Graham says there's a special focus in this staging (by David McVicar, and directed by Leah Hausman) in having Didon be friends with her subjects, and the mezzo says she's finding that easy to do: "I’ve been singing at the San Francisco Opera for so long that I know these choristers, and I know these dancers, and I know these people so…when I come on at the beginning of Act III, and they’re all singing ‘Gloire, Didon,’ (Glory to Didon) I really am so just completely gobsmacked, for want of a better word." Her part in The Trojans doesn't even begin until then, two hours into the five-hour running time. The first two acts cover the Fall of Troy, complete with giant Trojan Horse, and the remainder tells the story of the ill-fated love between Dido and Aeneas, (sung by Bryan Hymel.)
Graham says she's come a long way since the days two decades ago when she had a small role in a production of Les Troyens at the Metropolitan Opera. "I was just a kid, and playing the son of Aeneas, and I just thought, ‘This is such an epic piece… Wow, would I love to sing that part someday, but will I ever?’ you know, those things, you never know when you’re young." Part of the reason she's gotten more comfortable in the role is because (despite its challenges) it suits her voice so well. "It doesn’t go clear up into the stratosphere, there’s a meaty quality in the middle that’s required, and a warmth in the middle. And you have to be able to sort of dip down in the low a little bit, but it doesn’t stay down there. People say ‘Berlioz was written for you!’ and I kind of am inclined and honored to agree."
Friday, June 12
The newly renamed Ojai at Berkeley launches next Thursday evening through Cal Performances, with a free outdoor concert at the Faculty Glade of music by John Luther Adams, whose percussion-filled Inuksuit opened the festival three years ago. The festival's music director this year is percussionist Steven Schick, who organized and directed that performance.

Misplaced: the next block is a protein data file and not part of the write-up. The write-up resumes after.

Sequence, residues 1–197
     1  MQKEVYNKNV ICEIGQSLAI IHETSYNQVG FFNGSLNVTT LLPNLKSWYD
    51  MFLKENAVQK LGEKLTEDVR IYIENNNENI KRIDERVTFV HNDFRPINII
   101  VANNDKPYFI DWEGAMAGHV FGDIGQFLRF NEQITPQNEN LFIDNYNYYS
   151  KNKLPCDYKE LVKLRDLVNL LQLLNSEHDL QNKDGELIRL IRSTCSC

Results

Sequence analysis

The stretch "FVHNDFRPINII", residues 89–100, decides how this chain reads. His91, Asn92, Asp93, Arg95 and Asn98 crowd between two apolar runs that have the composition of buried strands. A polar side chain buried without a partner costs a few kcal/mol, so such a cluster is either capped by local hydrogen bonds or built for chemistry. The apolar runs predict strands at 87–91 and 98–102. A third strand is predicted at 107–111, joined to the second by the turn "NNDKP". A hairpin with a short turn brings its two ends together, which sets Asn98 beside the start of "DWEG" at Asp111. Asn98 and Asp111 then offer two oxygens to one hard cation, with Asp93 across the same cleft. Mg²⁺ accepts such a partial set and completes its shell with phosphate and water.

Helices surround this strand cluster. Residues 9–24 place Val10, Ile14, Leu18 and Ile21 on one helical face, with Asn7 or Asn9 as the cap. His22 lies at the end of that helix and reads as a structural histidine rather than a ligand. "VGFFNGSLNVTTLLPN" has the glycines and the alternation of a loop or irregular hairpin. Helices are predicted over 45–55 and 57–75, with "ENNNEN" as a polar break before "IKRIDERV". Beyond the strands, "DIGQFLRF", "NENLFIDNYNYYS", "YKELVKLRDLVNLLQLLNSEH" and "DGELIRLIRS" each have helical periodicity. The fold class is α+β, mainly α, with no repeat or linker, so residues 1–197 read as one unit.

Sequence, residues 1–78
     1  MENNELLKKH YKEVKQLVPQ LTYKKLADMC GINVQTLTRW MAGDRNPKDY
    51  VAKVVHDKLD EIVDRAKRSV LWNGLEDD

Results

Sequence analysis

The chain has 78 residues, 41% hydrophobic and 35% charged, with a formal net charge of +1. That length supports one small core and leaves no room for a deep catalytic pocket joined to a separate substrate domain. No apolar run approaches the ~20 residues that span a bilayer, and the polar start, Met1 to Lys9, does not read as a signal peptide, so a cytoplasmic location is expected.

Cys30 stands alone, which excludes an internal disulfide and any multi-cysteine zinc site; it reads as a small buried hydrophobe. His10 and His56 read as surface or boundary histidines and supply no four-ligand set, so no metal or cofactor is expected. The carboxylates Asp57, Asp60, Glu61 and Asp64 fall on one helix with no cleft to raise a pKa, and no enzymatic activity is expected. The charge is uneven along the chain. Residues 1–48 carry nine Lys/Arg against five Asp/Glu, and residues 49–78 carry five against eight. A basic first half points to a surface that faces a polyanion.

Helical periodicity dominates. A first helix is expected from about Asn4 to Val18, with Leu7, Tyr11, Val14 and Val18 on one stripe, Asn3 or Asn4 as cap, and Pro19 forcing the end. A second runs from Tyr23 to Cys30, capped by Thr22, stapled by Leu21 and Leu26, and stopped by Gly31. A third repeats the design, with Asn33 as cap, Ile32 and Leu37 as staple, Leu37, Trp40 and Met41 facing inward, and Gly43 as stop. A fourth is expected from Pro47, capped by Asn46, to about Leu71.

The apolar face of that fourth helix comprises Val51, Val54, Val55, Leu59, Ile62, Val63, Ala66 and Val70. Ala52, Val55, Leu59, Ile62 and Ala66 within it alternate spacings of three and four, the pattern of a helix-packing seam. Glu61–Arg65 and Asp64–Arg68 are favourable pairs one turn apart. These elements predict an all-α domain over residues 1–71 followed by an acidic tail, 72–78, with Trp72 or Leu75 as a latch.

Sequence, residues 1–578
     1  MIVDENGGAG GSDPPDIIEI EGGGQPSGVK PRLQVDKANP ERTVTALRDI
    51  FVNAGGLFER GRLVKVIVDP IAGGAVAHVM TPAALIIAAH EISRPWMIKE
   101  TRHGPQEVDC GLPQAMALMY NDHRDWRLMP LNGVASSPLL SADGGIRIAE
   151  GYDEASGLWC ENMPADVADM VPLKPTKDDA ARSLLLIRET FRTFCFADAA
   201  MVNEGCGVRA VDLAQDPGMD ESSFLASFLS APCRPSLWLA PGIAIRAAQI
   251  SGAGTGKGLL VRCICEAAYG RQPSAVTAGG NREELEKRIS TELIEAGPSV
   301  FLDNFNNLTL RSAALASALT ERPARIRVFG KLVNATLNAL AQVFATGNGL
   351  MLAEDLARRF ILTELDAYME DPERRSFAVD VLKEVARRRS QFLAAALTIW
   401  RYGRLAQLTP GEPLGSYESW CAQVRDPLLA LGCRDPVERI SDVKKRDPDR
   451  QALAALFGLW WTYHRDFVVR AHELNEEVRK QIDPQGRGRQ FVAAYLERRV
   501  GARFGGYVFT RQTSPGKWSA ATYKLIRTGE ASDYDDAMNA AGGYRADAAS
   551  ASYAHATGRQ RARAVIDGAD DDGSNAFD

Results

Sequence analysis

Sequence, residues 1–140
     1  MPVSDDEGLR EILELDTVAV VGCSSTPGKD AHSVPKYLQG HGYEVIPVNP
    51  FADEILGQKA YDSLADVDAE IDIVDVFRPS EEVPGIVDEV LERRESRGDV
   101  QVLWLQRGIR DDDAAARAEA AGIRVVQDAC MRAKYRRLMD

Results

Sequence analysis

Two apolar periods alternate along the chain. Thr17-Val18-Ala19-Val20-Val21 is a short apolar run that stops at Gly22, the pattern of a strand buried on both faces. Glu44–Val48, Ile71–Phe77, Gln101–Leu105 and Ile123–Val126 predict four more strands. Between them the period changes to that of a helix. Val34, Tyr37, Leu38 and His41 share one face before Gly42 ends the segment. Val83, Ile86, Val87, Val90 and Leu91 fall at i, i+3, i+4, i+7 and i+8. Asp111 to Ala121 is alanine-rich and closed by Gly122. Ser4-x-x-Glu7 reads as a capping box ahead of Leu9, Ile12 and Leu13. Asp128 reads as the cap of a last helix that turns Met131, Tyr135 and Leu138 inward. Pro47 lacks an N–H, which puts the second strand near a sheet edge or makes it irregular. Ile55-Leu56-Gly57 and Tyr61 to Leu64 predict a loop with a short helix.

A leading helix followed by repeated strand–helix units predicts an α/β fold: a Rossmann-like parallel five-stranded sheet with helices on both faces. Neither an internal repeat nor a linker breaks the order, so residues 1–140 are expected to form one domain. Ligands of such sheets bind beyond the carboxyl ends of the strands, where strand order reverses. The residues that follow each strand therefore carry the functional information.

You can find out more about the festival at the Cal Performances website (use the tabs to find the full schedule of events.)
This is the first year the festival has been overseen by a percussionist, and Steven Schick says he's trying to bring to the role the somewhat unusual perspective he's found that they share. "For me, percussion is more than the instrument I chose – it’s a way of looking at the world, it’s a kind of system of knowledge acquisition. We’re a kind of confederacy of inspirations and sonic resources. And that’s very different from a pianist or a violinist, who has an instrument, and therefore, I think, a point of view. A percussionist naturally has a multiplicity of points of view, and that’s what we’ve tried to reflect in the programming this year." He's honoring Pierre Boulez, (himself a former artistic director of the festival) who turned 90 this year, with a variety of his works, plus a piece called A Pierre Dream which the Chicago Symphony Orchestra's 'Beyond the Score' series premiered earlier this year.
"It’s live performances," Schick says, "…of excerpts from his most influencial pieces, with videotaped ‘testimony’ if you will, from Boulez himself, as a young composer, a middle aged composer, and as an older composer. There are actors who read lines aloud onstage – especially the texts from Mallarme that Boulez was so fond of. It’s a fascinating combination of narrative, video and music."
There's also a natural emphasis on percussion, with Schick giving a solo recital on Friday evening, his ensemble red fish blue fish playing Chavez's Toccata for Percussion (on a concert with pipa virtuoso Wu Man playing the concerto Lou Harrison wrote for her,) and Bartok's Sonata for Two Pianos and Percussion on Saturday afternoon. "It both begins and ends with percussion sounds, and so percussion in the Bartok sonata is not merely decorative, it is thematic, it is a quartet. And that was a big change for percussionists." It's on a program with Dérive 2 by Pierre Boulez, but lest that lineup scare would be audience members, Schick says: "It isn’t a sort of modernist, isolated castle with a huge moat saying ‘stay out…’ It’s in fact music that invites connections, and music that invites listeners. And it’s lush, and it’s beautiful and it’s… been misunderstood."
Wednesday, June 17
The San Francisco Symphony is in the midst of a celebration of Beethoven, leading up to Saturday's sold-out recreation of the famous 1808 marathon concert that introduced the world to the fifth and sixth symphonies, the fourth piano concerto, the Choral Fantasy, as well as movements from the Mass in C Major. One of the soloists for the concerts, Jonathan Biss, is in the middle of his own celebration of Beethoven.